Party politics and military deployments: explaining political consensus on Belgian military intervention

Tim Haesebrouck*, Yf Reykers, Daan Fonck

*Corresponding author for this work

Research output: Contribution to journalArticleAcademicpeer-review


While a comprehensive body of research provides evidence that politics does not always stop at the water’s edge, the question “when does politics stop at the water’s edge” has remained largely unanswered. This article addresses this gap in the literature by examining the level of agreement in Belgium’s parliament on military deployment decisions. More specifically, the uncontested decisions to participate in the 2011 Libya intervention and the air strikes against the self-proclaimed Islamic State in Iraq are compared with the contested decision to participate in strike operations against IS over Syrian territory. The results of our study indicate that a broad parliamentary consensus will emerge if the domestic political context forces left- and right-leaning parties into negotiating a compromise that takes into account their preferences regarding the scope of the operation and if left-leaning parties have no reason to oppose the operation because it pursues inclusive goals and its international legal justification is not contested.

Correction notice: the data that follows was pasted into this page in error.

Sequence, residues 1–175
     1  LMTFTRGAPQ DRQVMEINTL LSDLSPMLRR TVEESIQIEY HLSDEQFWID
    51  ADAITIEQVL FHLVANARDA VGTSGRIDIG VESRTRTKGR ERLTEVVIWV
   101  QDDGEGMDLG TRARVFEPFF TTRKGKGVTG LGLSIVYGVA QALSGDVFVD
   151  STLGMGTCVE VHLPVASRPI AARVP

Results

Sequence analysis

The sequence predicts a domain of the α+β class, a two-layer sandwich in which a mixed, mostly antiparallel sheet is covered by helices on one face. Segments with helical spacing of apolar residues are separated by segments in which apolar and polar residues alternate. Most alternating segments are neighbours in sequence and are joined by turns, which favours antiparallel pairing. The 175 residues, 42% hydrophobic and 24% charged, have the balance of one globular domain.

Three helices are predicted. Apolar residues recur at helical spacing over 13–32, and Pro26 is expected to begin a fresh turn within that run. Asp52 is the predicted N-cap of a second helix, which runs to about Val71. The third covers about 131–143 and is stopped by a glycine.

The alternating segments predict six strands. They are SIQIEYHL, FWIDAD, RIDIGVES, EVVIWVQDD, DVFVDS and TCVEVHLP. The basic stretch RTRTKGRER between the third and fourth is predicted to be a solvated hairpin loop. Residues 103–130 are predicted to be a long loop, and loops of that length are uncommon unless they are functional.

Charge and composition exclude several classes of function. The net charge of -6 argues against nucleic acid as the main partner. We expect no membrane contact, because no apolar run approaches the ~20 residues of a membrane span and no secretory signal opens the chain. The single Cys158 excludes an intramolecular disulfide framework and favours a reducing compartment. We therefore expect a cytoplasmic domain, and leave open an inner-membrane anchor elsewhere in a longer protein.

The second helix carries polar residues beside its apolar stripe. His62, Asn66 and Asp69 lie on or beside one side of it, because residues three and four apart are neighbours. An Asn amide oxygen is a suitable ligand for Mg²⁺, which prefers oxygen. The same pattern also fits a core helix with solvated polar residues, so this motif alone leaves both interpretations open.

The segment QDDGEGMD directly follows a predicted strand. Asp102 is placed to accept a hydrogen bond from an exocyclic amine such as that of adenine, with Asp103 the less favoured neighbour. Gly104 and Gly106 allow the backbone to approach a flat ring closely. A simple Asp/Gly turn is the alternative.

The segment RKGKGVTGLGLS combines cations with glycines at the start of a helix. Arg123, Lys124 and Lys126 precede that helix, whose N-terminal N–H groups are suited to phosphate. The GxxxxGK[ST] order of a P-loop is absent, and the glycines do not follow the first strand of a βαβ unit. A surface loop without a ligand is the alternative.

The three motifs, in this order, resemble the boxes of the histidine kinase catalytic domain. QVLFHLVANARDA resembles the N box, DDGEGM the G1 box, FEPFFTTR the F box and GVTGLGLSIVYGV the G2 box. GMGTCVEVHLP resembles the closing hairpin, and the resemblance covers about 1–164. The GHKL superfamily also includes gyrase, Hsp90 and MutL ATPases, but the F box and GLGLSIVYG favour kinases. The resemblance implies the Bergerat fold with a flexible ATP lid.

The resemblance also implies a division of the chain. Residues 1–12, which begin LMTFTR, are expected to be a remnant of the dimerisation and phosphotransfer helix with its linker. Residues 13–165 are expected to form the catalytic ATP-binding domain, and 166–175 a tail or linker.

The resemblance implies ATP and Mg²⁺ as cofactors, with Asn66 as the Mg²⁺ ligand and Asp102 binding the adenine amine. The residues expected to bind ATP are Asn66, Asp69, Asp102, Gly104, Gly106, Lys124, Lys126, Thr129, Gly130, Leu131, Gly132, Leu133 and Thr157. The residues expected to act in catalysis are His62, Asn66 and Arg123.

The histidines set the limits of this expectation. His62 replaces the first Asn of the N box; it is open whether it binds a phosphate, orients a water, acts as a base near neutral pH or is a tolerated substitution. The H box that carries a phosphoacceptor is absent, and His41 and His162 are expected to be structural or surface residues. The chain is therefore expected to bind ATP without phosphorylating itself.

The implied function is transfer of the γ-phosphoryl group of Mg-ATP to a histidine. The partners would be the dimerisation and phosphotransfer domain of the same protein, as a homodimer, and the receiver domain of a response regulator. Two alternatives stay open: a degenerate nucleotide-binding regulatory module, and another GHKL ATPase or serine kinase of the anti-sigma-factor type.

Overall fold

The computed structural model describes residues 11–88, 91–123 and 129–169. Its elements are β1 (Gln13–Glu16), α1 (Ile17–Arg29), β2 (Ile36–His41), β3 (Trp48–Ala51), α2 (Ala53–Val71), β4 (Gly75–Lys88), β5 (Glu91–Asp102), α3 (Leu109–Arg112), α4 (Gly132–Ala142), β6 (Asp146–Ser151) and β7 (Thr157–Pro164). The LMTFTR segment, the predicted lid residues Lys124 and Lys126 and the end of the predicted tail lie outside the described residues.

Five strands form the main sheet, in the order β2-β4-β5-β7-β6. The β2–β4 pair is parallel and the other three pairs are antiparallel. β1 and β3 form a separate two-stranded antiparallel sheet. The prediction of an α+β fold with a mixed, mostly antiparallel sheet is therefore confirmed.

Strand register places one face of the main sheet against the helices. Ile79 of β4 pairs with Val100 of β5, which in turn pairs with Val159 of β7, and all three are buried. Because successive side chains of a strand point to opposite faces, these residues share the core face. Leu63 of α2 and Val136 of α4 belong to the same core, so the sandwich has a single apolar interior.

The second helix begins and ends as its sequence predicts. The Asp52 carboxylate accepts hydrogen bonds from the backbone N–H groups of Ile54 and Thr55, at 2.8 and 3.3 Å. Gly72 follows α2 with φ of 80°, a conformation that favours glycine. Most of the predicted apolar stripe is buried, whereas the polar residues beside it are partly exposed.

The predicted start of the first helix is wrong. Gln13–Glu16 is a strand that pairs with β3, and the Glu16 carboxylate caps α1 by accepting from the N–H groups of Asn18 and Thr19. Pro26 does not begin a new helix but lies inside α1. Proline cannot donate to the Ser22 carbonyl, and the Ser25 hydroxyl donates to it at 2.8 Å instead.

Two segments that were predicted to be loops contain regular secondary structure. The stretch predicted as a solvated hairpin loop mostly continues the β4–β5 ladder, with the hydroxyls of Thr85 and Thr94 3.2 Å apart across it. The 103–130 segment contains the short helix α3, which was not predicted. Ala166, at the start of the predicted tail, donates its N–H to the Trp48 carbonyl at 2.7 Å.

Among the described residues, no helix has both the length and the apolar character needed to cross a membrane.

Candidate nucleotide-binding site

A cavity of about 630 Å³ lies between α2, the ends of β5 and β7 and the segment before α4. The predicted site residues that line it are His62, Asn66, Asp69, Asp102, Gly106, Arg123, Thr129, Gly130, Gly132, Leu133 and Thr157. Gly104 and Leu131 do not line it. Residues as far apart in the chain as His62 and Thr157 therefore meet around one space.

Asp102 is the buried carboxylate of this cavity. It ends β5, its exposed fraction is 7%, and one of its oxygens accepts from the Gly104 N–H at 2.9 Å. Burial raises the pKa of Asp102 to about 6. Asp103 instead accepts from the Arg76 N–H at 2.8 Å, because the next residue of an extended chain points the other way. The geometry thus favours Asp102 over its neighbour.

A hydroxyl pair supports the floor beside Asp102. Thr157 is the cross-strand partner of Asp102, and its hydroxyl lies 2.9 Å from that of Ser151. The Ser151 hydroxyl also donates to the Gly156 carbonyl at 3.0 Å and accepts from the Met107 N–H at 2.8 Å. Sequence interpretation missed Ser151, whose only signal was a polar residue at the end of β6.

Original languageEnglish
Number of pages21
JournalEuropean Security
Publication statusE-pub ahead of print - 3 Sep 2021


  • ideology
  • military interventions
  • parliamentary contestation
  • party politics
  • use of force
  • Military intervention
  • IRAQ

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